TWOWS:  Something I always admired and bonded with you over was being able to pursue your dreams while still working a 9-5. How do you feel that’s helped or hindered your progress?

Snare: It’s funny you mention that…I actually just put my two weeks in at my engineering job on Tuesday (laughs). But when I started with that company six years ago, I was just tagging with zero intention to pursue art. I just wanted to work for a big company to transfer me west, so I’d feel secure moving away from home. After I made my first pin five years ago is when I took art seriously.

50-80 hour work weeks on the regular is tough alone and then to do art on the side was another full time job. It was rough; a lot of long, sleepless nights to finish projects and still work the next day. It definitely helped build onto my already super solid worth ethic my parents taught me.
I used the money I was making from my career to fund the dream. I’m not one to really take hand outs or loans, and the very few I’ve taken have pushed me to work harder since it’s such a gut-wrenching feeling to owe people shit.

Honestly, my goal was to put a few more years into the company before leaving to pursue art but, in these last few months, I’ve really seemed to build a strong following and I’ve landed some collaborations and lasting partnerships with major companies to where I don’t need to fund the production side anymore and can just focus on art. My advice for anyone grinding for their dreams is to stick to your 9-5 and build up your dream on the side. Stack that bread. Fuck the partying and the festivals for a year or two, really focus on your goals, and I promise you will make huge leaps.

TWOWS: Who/what has had the biggest impact on your career?

Snare: Artist-wise Kaws, Shepherd Fairy, Nychos and my best-friend Huske. In general, psychedelics; I used to dabble pretty heavily in a variety of them, and it’s definitely opened my mind to seeing the world (and things in it) in different perspectives.

TWOWS: What’s been your favorite piece to date?

Snare: One of the new pieces in my latest series at Grassroots. Took “dead but woke” to a new level. Don’t want to give too much away, but it’s a die-cut, hand-painted character series on reclaimed wood with a moss inlay. Been working on the series for months, building ideas, and to see it come to life – I’m really happy with the outcome.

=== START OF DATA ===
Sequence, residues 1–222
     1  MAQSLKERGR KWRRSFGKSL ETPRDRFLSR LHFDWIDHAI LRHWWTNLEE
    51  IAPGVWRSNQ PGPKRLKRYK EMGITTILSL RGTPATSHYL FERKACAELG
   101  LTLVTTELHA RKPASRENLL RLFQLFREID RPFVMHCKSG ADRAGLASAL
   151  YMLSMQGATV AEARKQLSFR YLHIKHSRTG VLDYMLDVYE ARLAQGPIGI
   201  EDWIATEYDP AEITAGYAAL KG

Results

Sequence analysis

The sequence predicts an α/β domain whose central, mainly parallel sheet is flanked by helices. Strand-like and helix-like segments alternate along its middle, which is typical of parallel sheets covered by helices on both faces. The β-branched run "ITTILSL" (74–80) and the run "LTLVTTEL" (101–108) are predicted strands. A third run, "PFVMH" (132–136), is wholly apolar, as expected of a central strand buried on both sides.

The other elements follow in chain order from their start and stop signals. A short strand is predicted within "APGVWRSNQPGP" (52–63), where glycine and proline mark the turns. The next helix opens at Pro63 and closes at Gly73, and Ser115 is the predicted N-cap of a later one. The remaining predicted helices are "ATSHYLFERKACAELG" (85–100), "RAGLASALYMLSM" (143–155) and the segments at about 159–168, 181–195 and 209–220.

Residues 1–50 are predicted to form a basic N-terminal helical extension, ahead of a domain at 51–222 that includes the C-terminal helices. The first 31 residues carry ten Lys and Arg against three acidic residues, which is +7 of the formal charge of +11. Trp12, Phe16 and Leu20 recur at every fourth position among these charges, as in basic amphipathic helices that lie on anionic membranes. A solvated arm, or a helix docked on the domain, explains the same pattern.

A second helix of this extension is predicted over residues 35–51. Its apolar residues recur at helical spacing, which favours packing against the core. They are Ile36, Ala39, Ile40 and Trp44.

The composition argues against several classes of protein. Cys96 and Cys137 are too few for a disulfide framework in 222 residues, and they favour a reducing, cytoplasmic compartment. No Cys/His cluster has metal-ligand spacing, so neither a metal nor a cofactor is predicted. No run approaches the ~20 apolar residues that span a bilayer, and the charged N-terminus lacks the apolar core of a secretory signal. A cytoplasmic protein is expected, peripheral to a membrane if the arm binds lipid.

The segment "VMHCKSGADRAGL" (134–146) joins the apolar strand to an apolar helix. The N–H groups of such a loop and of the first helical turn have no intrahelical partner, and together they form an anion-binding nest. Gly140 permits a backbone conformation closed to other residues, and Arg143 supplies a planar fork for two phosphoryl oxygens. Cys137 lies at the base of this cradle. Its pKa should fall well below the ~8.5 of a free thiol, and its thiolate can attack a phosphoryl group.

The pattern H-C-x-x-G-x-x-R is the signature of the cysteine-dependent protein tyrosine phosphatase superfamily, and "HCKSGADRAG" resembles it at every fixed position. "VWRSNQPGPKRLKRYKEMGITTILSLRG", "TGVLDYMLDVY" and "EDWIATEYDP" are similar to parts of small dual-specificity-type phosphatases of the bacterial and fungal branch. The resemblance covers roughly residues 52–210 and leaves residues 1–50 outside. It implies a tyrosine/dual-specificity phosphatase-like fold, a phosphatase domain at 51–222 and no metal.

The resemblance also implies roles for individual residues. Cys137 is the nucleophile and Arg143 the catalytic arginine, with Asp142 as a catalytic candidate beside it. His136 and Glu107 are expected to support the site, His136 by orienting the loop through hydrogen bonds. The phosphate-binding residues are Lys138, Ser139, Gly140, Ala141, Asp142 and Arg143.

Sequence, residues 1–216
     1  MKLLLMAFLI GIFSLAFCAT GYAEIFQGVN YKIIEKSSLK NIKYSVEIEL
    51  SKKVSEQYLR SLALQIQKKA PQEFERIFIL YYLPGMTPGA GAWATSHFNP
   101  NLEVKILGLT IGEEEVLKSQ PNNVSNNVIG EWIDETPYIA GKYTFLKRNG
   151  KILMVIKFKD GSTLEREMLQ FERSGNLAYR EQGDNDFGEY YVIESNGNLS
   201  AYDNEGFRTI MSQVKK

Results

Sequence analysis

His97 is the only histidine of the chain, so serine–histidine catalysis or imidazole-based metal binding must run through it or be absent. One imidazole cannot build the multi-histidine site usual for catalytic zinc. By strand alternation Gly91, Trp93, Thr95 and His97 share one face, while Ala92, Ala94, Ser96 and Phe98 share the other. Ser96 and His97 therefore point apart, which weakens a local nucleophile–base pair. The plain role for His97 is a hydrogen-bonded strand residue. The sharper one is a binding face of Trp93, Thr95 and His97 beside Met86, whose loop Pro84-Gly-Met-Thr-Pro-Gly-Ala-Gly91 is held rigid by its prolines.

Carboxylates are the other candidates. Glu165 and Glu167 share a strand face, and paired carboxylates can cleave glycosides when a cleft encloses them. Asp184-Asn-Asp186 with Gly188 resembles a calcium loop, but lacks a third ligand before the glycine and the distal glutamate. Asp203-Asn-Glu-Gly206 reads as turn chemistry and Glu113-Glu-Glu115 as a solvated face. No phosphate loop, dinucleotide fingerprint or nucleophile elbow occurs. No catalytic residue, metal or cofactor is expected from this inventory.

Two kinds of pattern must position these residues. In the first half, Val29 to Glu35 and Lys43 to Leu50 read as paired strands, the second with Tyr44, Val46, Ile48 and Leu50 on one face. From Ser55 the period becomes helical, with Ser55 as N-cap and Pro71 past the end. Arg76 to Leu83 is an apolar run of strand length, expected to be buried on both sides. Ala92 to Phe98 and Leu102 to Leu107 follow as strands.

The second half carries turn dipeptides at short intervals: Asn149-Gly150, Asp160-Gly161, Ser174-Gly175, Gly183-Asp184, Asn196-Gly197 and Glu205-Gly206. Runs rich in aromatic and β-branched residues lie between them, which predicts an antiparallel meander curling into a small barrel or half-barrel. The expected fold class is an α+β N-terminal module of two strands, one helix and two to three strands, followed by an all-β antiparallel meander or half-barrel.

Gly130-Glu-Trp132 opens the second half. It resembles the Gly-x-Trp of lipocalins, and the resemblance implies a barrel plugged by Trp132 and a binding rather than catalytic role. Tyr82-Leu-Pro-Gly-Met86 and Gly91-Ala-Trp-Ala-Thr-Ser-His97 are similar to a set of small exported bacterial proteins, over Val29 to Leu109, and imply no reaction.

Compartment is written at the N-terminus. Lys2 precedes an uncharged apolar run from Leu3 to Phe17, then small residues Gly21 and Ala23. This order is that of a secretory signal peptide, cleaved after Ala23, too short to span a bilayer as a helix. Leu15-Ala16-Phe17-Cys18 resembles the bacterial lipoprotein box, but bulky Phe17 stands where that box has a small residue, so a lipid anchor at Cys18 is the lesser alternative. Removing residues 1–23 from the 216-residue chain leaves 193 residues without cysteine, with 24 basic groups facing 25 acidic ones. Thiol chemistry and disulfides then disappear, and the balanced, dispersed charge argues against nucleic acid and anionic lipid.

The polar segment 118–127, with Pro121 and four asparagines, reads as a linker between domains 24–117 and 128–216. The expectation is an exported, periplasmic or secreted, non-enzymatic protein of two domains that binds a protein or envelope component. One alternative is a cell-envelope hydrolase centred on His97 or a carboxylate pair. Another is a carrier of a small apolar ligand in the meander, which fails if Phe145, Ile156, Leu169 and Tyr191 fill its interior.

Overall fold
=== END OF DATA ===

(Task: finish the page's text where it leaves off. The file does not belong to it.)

TWOWS: How did your relationship with Grassroots start?

Snare: So the homie KOOZ stayed at my place for Freestyle Sessions 2018, had a meeting with Grassroots and introduced me. At that same time HIVE (a Baltimore based company who does merch for Big Dub) put one of my designs for that year on a GRC hat. Stuff just kinda fell into place after that. They are a super amazing company to work with.

TWOWS: I bet! So tell us about your show happening tomorrow, what can we expect?

Snare: About 30 pieces of original work from 2017 up until just this morning that I finished wrapping up. Paintings, inks, mixed media and collaborations with my two favorite glass artists: GRIME and ObiWook. Also two pins are being released, and a hat that I’m SO stoked on. Oh and some collabs with Sofia Ramirez. Prices range from $30-1200 and whatever doesn’t sell will be available online.

TWOWS: What are you looking forward to in 2020?

Snare: More murals for sure. I’m also getting into animation and toy design, so it’s exciting to see where that will take me.

TWOWS: Do you have any words of encouragement for anyone seeking to embark on the path to becoming a professional artist?

Snare: Fuck what people think, it’s your life. There’s always room for improvement, and honesty/respect will get you a lot further. Stay in more and work on your craft. There will always be music and parties, but inspiration doesn’t last forever. Seize that moment!♦︎

Cody Loher is slated to host his first Grassroots x SNARE Release Party + Opening Gallery tonight from 5PM – 9:30PM at Grassroots Colorado for August’s First Friday at Art Walk! There will be tons of new artwork and merchandise available, live music, pizza, and a chance to meet the artist at large himself! This is certainly an event you will not want to miss!